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Author Laaksonen, J.; Laaksonen, T.; Itämies, J.; Rytkönen, S.; Välimäki, P.
Title A new efficient bait-trap model for Lepidoptera surveys – the “ Oulu ” model. Type Journal Article
Year 2006 Publication Entomologica Fennica Abbreviated Journal
Volume 17 Issue Pages 153–160
Keywords Animals
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Notes Approved no
Call Number LoNNe @ kagoburian @ Serial 607
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Author Stoffels, W.W.
Title Gravity's pull on arc lamp efficiency Type Journal Article
Year 2006 Publication Europhysics News Abbreviated Journal Europhysics News
Volume 37 Issue 6 Pages 35-38
Keywords Lighting; physics; plasma; gravity; lighting technology; lighting physics; metal halide; hypergravity; microgravity
Abstract (none)
Address Eindhoven University of Technology, PO Box 513, 5600 MB Eindhoven, Netherlands; w.w.stoffels(at)tue.nl
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ISSN 0531-7479 ISBN Medium
Area Expedition Conference
Notes Approved no
Call Number IDA @ john @ Serial 1367
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Author Petrželková, K. J.; Downs, N. C.; Zukal, J.; Racey, P. A.
Title A comparison between emergence and return activity in pipistrelle bats Pipistrellus pipistrellus and P. pygmaeus Type Journal Article
Year 2006 Publication Acta Chiropterologica Abbreviated Journal
Volume 8 Issue 2 Pages 381-390
Keywords animals; fying mammals: animal behaviour
Abstract Bats may be vulnerable to predation during evening emergence and morning return to their roosts. Early emergence increases the risk of exposure to raptorial birds, but emerging late confers a risk of missing the dusk peak of aerial insects. Here, both emergence and return activity was studied in detail at the same roosts for the first time. We investigated six maternity colonies of pipistrelle bats (Pipistrellus pipistrellus and P. pygmaeus) in NE Scotland and recorded light levels and time of emergence and return of the bats with respect to sunset and sunrise on the same nights. Parameters of return activity generally occurred at lower light intensities than those of emergence. Therefore, the interval between dawn return and sunrise was generally longer than that between sunset and dusk emergence. Emergence and return were equal in duration. Bats clustered more on emergence in comparison with return during pregnancy and lactation, whereas during postlactation this trend was reversed.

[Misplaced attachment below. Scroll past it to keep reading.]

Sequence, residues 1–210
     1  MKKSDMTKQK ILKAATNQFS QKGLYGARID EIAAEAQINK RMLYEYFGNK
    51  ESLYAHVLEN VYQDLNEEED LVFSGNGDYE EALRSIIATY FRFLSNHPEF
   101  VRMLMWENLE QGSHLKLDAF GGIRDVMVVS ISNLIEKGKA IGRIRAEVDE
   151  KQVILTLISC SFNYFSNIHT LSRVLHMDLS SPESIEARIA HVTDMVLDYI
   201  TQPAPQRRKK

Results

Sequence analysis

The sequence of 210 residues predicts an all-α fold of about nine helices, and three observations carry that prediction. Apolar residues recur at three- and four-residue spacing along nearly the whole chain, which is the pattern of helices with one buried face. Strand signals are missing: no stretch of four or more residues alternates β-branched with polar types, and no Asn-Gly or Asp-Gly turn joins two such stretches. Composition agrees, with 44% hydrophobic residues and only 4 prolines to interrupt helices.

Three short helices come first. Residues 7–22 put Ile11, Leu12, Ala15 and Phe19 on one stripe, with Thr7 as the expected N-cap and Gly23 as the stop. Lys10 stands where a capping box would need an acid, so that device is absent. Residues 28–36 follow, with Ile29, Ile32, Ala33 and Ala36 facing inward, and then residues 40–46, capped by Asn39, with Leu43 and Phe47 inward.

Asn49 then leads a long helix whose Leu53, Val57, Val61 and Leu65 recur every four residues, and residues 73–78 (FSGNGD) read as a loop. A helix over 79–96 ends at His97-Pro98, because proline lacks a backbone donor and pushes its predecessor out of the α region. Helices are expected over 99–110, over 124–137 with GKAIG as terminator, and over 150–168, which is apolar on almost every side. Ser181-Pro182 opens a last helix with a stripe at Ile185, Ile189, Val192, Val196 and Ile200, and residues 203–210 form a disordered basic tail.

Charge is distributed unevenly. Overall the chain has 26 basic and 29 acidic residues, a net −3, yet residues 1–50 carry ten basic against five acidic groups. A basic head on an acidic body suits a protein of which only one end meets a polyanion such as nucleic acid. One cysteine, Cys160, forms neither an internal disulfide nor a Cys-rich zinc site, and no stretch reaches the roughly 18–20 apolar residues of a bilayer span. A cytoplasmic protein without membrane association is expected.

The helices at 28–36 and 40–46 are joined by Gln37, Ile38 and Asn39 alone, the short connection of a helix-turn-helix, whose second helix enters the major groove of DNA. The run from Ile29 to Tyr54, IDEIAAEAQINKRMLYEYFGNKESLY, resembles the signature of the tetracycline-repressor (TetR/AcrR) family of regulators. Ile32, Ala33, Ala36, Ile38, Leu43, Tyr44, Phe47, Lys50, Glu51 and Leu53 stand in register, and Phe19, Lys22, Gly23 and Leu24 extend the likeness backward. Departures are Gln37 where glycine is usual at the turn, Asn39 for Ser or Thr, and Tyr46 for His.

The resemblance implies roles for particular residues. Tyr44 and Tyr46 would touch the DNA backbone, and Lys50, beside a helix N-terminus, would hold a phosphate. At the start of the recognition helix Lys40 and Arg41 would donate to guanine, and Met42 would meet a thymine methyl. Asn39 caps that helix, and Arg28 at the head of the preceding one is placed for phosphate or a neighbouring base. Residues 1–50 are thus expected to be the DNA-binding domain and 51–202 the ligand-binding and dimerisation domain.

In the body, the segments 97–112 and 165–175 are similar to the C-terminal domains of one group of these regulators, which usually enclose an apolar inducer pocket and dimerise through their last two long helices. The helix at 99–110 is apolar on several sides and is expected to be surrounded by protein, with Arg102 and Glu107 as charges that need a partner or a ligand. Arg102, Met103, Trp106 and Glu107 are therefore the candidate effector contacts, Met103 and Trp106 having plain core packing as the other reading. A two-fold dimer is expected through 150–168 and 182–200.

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Publisher BioOne Place of Publication Editor
Language English Summary Language English Original Title
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Notes Approved no
Call Number LoNNe @ schroer @ Serial 1598
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Author Chalkias, C.; Petrakis, M.; Psiloglou, B.; Lianou, M.
Title Modelling of light pollution in suburban areas using remotely sensed imagery and GIS Type Journal Article
Year 2006 Publication Journal of Environmental Management Abbreviated Journal J Environ Manage
Volume 79 Issue 1 Pages 57-63
Keywords Remote Sensing; Air Pollutants/*analysis; Cities; Environmental Monitoring/*methods; *Geographic Information Systems; Greece; Humans; *Light; Models, Theoretical; *Suburban Health